‘Uri Blau's agreement doesn't infringe on free press'

'Haaretz' reporter's lawyers claim army documents' return balances need for state security and press freedoms, Blau didn't receive legal immunity.

By JPOST.COM STAFF, DAN IZENBERG
October 25, 2010 09:21
2 minute read.
'Ha'aretz' reporter Uri Blau.

uri blau 311. (photo credit: Channel 2)

Uri Blau's lawyer stated that the Haaretz investigative reporter has returned to Israel without receiving any guarantees that he would not be prosecuted for his part in the Anat Kamm affair in comments to Army Radio on Monday.

Lawyer Mibi Mozer told Army Radio that Blau returned after an agreement was reached with the Shin Bet (Israel Security Agency) that "weighed in appropriate manner state security interests and a free press."

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"The fact that Uri under the arrangement would have to hand over hundreds of documents to the security services, even those he did not receive from Kam, does not infringe the freedom of the press, because the Shin Bet has agreed not to trace the sources [of the leaks]," added Mozer.

Blau, who has been abroad since January because he was wanted by police, returned home on Sunday after his lawyers signed an agreement with the state and returned 1,500 stolen army documents, the Justice Ministry announced.

Blau received most of the documents in question, including many classified as “secret” or “top secret,” from Kamm. In 2006-07, Kamm served as an aide to the head of the bureau of then-OC Central Command Maj.-Gen. Yair Naveh, where she was privy to classified information stored on the general’s computer.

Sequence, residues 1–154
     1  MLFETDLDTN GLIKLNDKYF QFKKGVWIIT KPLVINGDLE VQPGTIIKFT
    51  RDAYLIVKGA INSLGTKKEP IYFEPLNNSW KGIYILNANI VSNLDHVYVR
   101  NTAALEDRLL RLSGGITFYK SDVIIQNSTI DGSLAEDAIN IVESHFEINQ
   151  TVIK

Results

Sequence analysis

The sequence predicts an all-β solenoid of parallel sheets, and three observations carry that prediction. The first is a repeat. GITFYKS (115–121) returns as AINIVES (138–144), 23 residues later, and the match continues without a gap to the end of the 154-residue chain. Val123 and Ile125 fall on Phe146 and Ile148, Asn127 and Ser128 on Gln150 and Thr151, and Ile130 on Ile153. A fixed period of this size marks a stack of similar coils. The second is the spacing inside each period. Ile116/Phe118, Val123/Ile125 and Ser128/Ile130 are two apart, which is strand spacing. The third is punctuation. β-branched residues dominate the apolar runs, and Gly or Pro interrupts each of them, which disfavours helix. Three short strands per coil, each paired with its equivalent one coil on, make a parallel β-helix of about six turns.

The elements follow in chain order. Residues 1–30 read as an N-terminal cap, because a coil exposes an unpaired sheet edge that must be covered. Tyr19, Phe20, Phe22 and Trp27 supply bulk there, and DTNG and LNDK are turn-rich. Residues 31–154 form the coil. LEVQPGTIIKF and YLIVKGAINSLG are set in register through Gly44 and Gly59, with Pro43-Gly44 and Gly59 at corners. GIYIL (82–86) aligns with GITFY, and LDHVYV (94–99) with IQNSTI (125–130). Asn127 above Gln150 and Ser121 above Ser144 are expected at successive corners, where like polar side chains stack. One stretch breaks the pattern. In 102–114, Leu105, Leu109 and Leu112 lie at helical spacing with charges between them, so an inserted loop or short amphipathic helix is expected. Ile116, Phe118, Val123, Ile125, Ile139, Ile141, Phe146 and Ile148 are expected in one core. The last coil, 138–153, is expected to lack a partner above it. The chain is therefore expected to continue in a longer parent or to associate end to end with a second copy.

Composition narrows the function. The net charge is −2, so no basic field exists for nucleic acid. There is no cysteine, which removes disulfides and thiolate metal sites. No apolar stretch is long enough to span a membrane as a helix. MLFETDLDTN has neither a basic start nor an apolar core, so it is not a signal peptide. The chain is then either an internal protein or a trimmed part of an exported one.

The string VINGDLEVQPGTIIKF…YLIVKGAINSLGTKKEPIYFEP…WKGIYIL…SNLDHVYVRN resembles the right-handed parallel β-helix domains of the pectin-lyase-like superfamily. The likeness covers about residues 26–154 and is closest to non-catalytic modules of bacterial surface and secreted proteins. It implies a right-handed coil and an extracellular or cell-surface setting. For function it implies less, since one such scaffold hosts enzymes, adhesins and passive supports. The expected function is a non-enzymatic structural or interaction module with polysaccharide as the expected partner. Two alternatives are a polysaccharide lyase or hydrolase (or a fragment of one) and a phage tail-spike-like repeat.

In November 2008, Blau reported that senior IDF and Shin Bet (Israel Security Agency) officials had approved the terms of a targeted killing of a terrorist in violation of a landmark ruling by the High Court of Justice.

Blau had received from Kamm a copy of the targeted-killing order; a photocopy was published by Haaretz.

According to Sunday’s Justice Ministry announcement, Blau also promised that within 48 hours of his arrival in Israel, he would present himself to police and be questioned under caution. Blau agreed to be interrogated jointly by police and the Shin Bet and declared that not a single document remained in his possession in any form. He also gave his consent to undergo a polygraph test if the authorities ordered one.

The ministry said Blau could be charged with being in possession of the secret material and that if he were, he would first be granted a hearing before Attorney-General Yehuda Weinstein.


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